By Shawn Raymundo

The city’s planning commission approved modified site plans for the proposed River Street Marketplace development on Tuesday, Sept. 24, sending the plans back to city council for consideration and review.

The commission voted, 4-0-1, in favor of a resolution recommending that the council approve the Environmental Impact Report (EIR) for the proposed shopping and dining center, which was recently revised to address several concerns that residents near the planned development had raised.

Commission Chair Howard Hart recused himself from Tuesday’s deliberations over the project because, he said, he had previously taken “a very public stance” on it.

The River Street Marketplace, proposed by local developer Dan Almquist, intends to be a “pedestrian-oriented” center on the southeast corner of Paseo Adelanto and River Street. If completed, it will feature both indoor and outdoor dining, produce stands and other “artisan-type” retailers and businesses.

According to the city, the overall footprint of the project has been reduced to roughly 59,060 square feet from its original design of 64,900 square feet. The plans were also reconfigured to incorporate seven buildings instead of five, several of which were relocated and downsized.

The largest of the five initial buildings, the Marketplace, was planned to be 23,100 square feet, positioned on the south end of the center, closest to the parking lot. Instead, the building will sit on the northwest portion of the lot, right along River Street.

The Greenhouse building, a single-story structure meant to house restaurants and retail shops, will virtually remain where it was initially planned, on the east side of the site, but will be 7,040 square feet instead of 10,900 square feet.

Next to the Greenhouse will sit one of the two new buildings, the Hay Loft, which will include the restrooms and is set to take up about 3,900 square feet of the space. The other new building, the Workshop, is close to the middle of the complex, covering 4,000 square feet.

Two of the original buildings, the Mercantile and the Red Barn, increased in size. The Mercantile went from 18,800 square feet to 22,443 square feet, while the Red Barn grew from 7,500 square feet to 8,080 square feet. Both kept their relative positions on the lot.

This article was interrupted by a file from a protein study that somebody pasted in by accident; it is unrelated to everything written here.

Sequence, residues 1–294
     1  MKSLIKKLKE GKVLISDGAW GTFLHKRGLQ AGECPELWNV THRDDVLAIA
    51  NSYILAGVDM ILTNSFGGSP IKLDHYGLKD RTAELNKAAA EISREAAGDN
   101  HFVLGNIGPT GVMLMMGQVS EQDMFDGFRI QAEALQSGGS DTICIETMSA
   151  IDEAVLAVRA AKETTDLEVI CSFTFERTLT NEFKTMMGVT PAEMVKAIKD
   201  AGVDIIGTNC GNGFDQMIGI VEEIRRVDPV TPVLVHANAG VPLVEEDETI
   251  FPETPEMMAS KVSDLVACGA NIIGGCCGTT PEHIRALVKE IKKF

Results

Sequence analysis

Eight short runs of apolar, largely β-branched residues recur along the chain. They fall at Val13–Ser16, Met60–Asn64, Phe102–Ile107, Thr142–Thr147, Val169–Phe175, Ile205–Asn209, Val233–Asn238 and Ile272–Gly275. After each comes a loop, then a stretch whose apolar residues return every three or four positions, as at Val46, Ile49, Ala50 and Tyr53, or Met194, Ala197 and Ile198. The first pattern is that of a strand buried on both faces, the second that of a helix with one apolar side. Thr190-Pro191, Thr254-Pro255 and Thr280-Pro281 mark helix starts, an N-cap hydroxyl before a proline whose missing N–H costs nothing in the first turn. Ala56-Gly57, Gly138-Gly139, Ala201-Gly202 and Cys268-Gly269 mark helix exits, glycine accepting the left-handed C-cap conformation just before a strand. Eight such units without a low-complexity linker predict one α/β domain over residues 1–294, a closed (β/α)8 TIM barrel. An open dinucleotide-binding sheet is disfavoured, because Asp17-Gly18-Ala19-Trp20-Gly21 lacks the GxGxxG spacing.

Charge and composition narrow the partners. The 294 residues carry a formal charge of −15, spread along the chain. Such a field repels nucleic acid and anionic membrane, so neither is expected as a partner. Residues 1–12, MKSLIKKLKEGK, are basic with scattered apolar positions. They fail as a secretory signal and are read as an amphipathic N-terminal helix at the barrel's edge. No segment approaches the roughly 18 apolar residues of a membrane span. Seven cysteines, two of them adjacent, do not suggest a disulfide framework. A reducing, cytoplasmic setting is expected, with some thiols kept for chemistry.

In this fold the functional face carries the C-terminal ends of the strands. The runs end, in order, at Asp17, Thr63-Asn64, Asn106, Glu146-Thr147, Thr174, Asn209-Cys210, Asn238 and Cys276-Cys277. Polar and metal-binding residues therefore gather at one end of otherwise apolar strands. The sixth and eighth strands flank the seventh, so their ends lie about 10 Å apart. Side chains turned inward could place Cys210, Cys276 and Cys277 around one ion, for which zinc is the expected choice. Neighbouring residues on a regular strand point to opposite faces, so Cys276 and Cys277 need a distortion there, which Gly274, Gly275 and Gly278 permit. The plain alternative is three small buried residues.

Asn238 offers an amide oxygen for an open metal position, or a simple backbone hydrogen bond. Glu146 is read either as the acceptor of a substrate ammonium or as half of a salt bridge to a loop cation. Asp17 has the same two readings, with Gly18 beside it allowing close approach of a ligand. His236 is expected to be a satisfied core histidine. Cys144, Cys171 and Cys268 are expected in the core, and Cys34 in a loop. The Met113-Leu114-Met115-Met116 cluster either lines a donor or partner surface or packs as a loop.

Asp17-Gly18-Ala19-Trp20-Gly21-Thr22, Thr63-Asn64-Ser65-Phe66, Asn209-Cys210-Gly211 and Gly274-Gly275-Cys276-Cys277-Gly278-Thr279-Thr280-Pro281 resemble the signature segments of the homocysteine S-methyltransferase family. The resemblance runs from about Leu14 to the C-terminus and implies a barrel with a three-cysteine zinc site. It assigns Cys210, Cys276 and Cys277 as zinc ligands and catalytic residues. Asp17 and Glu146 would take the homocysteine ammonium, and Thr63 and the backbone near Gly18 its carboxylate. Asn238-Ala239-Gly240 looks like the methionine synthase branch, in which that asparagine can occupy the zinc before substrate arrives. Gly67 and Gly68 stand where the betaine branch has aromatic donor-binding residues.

The city also noted that the number of parking spaces has been reduced from 292 to 242, as the originally planned parking lot on the west side, adjacent to Paseo Adelento, has been reconfigured to accommodate the Mercantile and Workshop buildings.

As a result of the decrease in square footage and lot coverage, the landscape area will increase, with Almquist intending to include more than 250 additional trees, including orchard trees. The orchard trees will line the eastern side of the Marketplace, putting separation between the buildings and homes on Los Rios Street.

“I think that with the larger green area now, maybe even more than before, we achieve our original intent of creating a true community gathering place,” Almquist said at the planning commission meeting.

The planning commission this past May had voted to send the previous iteration of the project on to the city council. However, days before the council was scheduled in early July to consider the project’s EIR, the city received a letter from an attorney representing Jeff Vasquez, a resident on Los Rios who had staunchly opposed the plans.

In the letter, Vasquez’s attorney outlines a litany of issues and concerns with the findings of the environmental report, imploring the city not to certify it.

After the city received the letter, Almquist requested to postpone the council’s consideration so he and Vasquez could meet and iron out the concerns.

Late last month, Almquist announced to the council that he and Vasquez had come to a compromise, agreeing to the revised plans, which the city said needed to go back to the planning commission before it could be presented to the council.

“I know a lot of people have talked about what’s taken place since we last came before you, but it’s been an interesting journey for us, and I can say that I’ve learned a lot going through this,” Almquist said Tuesday. “Jeff and I, I can say, we’ve become friends, and we’ve spent a lot of time together working on this project, and I’m happy where we’re at.”

According to City Manager Ben Siegel, councilmembers are expected to consider the EIR for the revised site plans during their Oct. 15 meeting.

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